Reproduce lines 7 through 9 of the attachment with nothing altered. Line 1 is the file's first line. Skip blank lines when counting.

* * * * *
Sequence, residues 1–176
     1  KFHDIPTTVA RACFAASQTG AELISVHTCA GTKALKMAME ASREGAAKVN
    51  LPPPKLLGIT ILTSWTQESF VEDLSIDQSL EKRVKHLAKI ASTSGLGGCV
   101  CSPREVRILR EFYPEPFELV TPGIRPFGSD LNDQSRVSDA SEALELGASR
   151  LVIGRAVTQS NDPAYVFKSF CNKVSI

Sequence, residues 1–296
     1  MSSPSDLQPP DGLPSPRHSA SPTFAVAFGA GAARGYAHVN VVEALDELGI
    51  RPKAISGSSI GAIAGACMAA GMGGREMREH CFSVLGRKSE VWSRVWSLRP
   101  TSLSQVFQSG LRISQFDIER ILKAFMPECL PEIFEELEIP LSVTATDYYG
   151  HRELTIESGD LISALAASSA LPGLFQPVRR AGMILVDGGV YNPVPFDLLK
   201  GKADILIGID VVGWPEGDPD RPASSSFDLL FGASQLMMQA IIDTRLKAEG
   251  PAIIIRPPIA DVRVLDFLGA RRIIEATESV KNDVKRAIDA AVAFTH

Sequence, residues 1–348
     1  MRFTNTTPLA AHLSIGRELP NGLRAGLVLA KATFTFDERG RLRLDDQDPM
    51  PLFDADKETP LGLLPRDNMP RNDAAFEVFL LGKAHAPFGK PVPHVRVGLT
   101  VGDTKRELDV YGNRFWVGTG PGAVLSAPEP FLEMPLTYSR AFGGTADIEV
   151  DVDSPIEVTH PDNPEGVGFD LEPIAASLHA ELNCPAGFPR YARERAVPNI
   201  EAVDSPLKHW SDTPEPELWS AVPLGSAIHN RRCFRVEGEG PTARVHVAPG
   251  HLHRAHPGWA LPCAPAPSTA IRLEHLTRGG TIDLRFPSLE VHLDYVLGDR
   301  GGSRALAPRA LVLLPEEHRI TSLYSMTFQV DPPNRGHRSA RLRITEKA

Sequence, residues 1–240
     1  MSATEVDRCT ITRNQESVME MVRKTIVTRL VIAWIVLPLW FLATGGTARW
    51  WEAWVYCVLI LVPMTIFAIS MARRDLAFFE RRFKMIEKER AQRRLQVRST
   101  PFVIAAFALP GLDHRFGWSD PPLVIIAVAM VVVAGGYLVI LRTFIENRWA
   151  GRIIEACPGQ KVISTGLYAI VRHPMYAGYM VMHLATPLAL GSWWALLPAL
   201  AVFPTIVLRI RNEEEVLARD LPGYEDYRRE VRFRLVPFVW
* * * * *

     1  MSSPSDLQPP DGLPSPRHSA SPTFAVAFGA GAARGYAHVN VVEALDELGI
    51  RPKAISGSSI GAIAGACMAA GMGGREMREH CFSVLGRKSE VWSRVWSLRP
   101  TSLSQVFQSG LRISQFDIER ILKAFMPECL PEIFEELEIP LSVTATDYYG